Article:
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Closing geographical distances: The value of a New Zealand perspective on the admission policy of a Native Hawaiian School

Abstract
This article examines the legal narratives evident in the American federal court decision in Doe v Kamehameha Schools (Kamehameha).' The article first describes the historical development of everyone/ no-one, someone and Indigenous equality narratives and their particular impact on the narration of Indigenous peoples in the law. It then examines how the opinions of the United States Ninth Circuit Court of Appeals in this case exhibit significant narrative confusion and distrust about the relationship between Indigenous identity and equality, with the Ninth Circuit interpreting the Native Hawaiian schools' preference for Native Hawaiian students as either reverse racial discrimination or an exception to the general rule of homogeneity and anonymity. For comparison, the article then examines similar equality narratives in New Zealand law, which reveal few legal challenges to admission policies which, either explicitly or implicitly, prefer Maori and demonstrate a narrative complementarity between equality and Indigenous identity. The article recognises that, while complementarity could clarify the narrative issues in Kamehameha for future American federal courts, it also provides the opportunity for New Zealand to pause and reflect. Ultimately, the article advocates a weaving of equality narratives across geographical distances.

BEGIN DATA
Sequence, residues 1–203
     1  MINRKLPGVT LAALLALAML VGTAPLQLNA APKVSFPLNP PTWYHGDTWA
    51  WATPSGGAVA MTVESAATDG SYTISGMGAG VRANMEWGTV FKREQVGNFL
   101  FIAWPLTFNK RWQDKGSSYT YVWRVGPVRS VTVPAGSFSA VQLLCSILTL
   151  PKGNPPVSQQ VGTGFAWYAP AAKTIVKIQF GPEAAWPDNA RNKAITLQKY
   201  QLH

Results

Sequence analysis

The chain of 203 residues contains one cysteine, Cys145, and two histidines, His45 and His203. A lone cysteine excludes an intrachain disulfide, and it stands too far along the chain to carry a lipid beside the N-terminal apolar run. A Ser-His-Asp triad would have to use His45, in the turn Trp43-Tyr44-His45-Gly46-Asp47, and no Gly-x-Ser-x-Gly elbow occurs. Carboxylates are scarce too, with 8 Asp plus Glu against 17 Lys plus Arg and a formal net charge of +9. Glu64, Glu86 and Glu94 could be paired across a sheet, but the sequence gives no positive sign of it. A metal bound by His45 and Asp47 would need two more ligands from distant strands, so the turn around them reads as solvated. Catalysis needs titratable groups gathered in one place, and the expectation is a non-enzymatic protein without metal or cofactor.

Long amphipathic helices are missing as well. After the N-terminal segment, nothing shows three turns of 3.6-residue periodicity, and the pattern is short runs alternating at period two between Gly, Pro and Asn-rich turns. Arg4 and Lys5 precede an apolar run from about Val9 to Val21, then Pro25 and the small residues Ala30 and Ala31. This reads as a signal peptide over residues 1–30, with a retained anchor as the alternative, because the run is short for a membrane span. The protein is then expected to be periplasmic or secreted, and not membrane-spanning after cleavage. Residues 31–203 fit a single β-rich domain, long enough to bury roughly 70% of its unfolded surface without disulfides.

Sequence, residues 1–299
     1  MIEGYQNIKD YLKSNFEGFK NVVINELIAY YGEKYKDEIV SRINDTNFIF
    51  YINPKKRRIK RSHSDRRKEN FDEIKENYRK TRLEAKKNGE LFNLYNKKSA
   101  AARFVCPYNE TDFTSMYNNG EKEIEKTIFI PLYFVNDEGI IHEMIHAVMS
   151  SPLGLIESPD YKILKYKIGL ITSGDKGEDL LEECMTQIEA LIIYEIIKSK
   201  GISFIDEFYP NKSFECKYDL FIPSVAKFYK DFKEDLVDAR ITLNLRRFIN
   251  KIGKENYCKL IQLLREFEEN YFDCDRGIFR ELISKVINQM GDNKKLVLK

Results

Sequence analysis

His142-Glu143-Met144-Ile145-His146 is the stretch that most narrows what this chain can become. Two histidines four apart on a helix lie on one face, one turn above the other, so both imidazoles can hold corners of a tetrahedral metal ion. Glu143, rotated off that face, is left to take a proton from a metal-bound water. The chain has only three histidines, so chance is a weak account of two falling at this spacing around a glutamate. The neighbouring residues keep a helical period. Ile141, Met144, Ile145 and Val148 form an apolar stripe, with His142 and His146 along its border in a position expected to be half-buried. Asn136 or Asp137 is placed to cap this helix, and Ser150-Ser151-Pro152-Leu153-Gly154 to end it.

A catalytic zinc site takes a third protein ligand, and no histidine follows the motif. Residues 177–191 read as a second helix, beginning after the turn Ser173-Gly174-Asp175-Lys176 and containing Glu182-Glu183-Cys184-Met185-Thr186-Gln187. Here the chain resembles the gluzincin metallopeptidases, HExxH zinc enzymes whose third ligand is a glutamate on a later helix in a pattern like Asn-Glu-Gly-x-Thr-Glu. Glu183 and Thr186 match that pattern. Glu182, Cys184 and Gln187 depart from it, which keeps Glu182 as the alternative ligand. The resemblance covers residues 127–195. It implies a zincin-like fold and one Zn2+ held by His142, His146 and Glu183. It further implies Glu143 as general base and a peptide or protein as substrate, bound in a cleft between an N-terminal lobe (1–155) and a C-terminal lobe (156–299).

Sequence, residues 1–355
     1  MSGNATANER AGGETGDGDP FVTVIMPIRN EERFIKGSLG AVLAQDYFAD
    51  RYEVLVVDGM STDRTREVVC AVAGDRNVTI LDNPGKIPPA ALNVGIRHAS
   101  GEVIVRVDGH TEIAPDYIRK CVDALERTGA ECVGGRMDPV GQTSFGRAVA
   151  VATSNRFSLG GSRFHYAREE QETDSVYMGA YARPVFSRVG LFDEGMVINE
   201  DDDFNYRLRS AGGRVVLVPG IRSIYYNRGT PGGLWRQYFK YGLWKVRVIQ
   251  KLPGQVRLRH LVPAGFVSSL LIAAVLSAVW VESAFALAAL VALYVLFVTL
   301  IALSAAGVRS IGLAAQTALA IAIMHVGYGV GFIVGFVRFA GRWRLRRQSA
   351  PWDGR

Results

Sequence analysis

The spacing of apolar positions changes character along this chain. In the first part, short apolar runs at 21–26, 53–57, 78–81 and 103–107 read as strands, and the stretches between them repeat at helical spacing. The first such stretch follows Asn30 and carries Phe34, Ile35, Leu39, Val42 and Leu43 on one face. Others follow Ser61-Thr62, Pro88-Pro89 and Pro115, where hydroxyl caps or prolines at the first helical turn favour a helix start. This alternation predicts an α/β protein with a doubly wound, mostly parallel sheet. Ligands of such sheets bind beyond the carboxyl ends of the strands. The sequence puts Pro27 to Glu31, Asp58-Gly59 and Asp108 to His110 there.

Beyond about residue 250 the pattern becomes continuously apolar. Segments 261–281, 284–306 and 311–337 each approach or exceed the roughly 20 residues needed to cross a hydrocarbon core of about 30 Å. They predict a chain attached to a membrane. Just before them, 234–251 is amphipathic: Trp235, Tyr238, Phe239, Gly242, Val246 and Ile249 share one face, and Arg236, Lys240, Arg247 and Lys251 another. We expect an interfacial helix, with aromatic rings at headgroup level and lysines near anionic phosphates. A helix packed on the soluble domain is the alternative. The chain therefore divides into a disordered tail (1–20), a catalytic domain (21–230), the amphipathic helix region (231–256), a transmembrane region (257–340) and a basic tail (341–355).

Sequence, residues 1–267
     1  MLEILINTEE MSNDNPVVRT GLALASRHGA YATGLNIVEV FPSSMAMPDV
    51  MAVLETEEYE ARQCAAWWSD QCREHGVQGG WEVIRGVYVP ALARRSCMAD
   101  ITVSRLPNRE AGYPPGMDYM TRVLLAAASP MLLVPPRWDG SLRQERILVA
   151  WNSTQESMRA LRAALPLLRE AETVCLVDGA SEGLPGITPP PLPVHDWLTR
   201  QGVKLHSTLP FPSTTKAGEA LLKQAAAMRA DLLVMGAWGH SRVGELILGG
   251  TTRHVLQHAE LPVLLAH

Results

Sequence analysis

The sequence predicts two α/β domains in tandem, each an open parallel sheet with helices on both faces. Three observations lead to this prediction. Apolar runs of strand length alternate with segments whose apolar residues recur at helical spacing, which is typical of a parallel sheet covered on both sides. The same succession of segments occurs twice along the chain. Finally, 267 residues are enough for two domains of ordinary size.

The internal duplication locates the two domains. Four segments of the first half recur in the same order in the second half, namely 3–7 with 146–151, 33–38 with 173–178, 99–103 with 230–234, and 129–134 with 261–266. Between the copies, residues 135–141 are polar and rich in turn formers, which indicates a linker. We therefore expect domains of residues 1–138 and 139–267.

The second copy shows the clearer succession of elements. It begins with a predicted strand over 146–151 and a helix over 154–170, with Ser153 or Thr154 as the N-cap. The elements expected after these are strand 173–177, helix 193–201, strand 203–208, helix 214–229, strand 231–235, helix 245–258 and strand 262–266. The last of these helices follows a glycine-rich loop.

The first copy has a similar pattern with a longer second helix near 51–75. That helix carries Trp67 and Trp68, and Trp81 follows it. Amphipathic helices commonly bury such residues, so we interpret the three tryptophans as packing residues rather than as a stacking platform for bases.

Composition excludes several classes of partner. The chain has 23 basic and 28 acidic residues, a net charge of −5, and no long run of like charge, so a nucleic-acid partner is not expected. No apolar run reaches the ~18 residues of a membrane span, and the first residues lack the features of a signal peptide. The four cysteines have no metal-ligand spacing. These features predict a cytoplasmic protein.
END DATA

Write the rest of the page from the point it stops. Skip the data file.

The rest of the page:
Type
Journal Article
Type of thesis
Series
Citation
Hemi, K. V. (2016). Closing geographical distances: The value of a New Zealand perspective on the admission policy of a Native Hawaiian School. Waikato Law Review: Taumauri, 24, 14–42.
Date
2016
Publisher
Te Piringa Faculty of Law
Degree
Supervisors
Rights
This article has been published in the journal: Waikato Law Review: Taumauri. Used with permission.